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From the Desk of Our Executive Director

Spreading the culture of effective giving calls for promoting both sides of the extreme poverty picture: the great need that exists and the incredible progress that has been made. Together, these demonstrate why effective giving is so worth promoting: because it works! The best organizations and interventions save and improve lives in dramatic numbers.

A prime example is India, which is in a period of unprecedented opportunity, challenge and growth. Since its independence in 1947 (about to be celebrated on 15 August), the country has embarked on an ambitious journey of lifting people out of deprivation. Extreme poverty dropped from 46% to an estimated 13.4% between 2005-2015. The number of children dying before their fifth birthday was dramatically reduced between 1960 to 2017 from 4 million to 1 million. Literacy has improved from 12% in 1947 to about 74% today.

Despite this remarkable progress, poverty remains a formidable challenge. Part of the problem, of course, lies in political and religious tensions. The conflicts over Kashmir currently in the news are an example. But much of the challenge is a result of the sheer scope of the enterprise. More than 170 million Indians still live in extreme poverty, and half the population of the country—more than 650 million people—are considered poor. Hunger, untreated illness, and lack of electricity and clean water are prevalent, with 950,000 children under five dying each year, largely due to preventable diseases. India’s ability to uplift its people will be vital to realizing the world’s collective ambition of eliminating extreme poverty and to our shared global vision of improving health, happiness and prosperity for human lives everywhere.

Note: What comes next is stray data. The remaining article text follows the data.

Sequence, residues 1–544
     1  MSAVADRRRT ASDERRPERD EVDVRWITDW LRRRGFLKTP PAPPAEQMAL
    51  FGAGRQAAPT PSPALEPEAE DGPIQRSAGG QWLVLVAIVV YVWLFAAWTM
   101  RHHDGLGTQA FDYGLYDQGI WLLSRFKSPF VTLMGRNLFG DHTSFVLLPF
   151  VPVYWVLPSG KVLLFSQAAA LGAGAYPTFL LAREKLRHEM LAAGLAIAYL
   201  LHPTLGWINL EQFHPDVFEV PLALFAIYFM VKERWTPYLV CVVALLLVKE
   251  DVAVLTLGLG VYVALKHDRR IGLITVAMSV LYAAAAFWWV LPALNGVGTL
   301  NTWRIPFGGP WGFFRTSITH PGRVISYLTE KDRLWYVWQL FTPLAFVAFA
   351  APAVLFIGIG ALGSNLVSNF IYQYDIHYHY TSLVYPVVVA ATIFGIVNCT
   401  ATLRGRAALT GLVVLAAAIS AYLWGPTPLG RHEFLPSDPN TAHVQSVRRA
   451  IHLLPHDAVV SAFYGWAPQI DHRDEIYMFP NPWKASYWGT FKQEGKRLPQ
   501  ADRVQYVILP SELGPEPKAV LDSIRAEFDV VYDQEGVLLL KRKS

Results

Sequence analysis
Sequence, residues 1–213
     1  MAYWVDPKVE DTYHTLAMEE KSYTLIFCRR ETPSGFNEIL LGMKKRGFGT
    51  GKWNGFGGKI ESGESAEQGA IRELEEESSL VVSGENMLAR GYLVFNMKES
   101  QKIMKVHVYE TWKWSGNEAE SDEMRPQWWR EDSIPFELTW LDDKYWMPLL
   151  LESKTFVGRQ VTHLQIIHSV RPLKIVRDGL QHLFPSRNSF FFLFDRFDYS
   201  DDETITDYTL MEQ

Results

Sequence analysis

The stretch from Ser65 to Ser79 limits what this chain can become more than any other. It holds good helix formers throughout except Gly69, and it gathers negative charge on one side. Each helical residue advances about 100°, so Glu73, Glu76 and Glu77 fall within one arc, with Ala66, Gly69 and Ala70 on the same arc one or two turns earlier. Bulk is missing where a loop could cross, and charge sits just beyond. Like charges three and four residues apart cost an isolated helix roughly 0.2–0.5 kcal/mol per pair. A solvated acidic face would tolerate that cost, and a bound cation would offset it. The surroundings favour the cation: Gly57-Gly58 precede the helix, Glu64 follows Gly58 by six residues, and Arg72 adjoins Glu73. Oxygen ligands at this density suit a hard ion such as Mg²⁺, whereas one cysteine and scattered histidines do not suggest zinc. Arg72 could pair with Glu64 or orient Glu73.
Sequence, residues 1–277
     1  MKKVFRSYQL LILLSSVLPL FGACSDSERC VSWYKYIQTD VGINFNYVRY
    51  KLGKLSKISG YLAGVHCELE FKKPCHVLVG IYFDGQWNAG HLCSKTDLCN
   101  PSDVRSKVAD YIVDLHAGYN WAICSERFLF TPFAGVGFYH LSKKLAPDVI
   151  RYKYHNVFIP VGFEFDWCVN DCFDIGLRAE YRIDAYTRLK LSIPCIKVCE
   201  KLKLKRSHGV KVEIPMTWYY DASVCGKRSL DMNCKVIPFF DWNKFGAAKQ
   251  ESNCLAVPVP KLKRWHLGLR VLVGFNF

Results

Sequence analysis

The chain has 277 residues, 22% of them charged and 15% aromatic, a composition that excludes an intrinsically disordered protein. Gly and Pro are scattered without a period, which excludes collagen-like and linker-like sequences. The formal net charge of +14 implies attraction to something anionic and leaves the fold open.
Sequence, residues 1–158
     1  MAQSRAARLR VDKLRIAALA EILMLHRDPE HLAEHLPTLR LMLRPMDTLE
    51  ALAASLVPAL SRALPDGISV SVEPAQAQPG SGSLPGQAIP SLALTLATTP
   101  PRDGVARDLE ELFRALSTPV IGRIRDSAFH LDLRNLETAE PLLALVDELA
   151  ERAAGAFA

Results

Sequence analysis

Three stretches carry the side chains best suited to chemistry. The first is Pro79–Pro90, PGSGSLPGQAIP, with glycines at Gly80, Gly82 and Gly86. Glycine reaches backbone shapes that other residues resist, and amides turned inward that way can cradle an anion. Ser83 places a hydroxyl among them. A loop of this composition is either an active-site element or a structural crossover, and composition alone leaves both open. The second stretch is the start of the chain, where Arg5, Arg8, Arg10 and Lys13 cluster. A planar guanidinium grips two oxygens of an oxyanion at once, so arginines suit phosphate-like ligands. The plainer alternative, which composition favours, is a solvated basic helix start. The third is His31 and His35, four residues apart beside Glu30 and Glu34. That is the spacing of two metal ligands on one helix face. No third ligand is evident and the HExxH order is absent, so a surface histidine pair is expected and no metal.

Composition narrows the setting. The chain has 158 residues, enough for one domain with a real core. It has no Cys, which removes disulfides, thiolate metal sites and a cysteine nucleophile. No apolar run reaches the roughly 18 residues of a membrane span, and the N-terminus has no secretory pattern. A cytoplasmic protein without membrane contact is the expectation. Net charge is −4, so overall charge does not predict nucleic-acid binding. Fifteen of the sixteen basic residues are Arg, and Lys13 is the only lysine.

We have partnered with Samhita Social Ventures, a highly successful Corporate Social Responsibility enterprise in Mumbai, to launch a joint initiative: High Impact Philanthropy (HIP). HIP will do the same type of work that TLYCS does, except within India. HIP is adapting the charity selection methodology to the Indian context and will curate a portfolio of highly effective charities in the areas of water and sanitation, health and nutrition, skills development and gender empowerment. They will seek funding for these organizations from corporations, high net worth individuals, foundations and retail donors to address a critical need in the Indian philanthropic ecosystem: incorporation of evidence in giving decisions.

We are excited by the progress HIP is already making, led by our talented team of Anushree Parekh, Priya Naik and Anam Vadgama. The HIP microsite is coming soon—stay tuned!

Eight of TLYCS’s charities deliver proven poverty interventions in India, including Evidence Action (see below). I urge you to read about and support our recommended charities, which do outstanding work around the globe. You can help bring us closer to a poverty-free world.

Do good. Feel good.

Charlie Bresler

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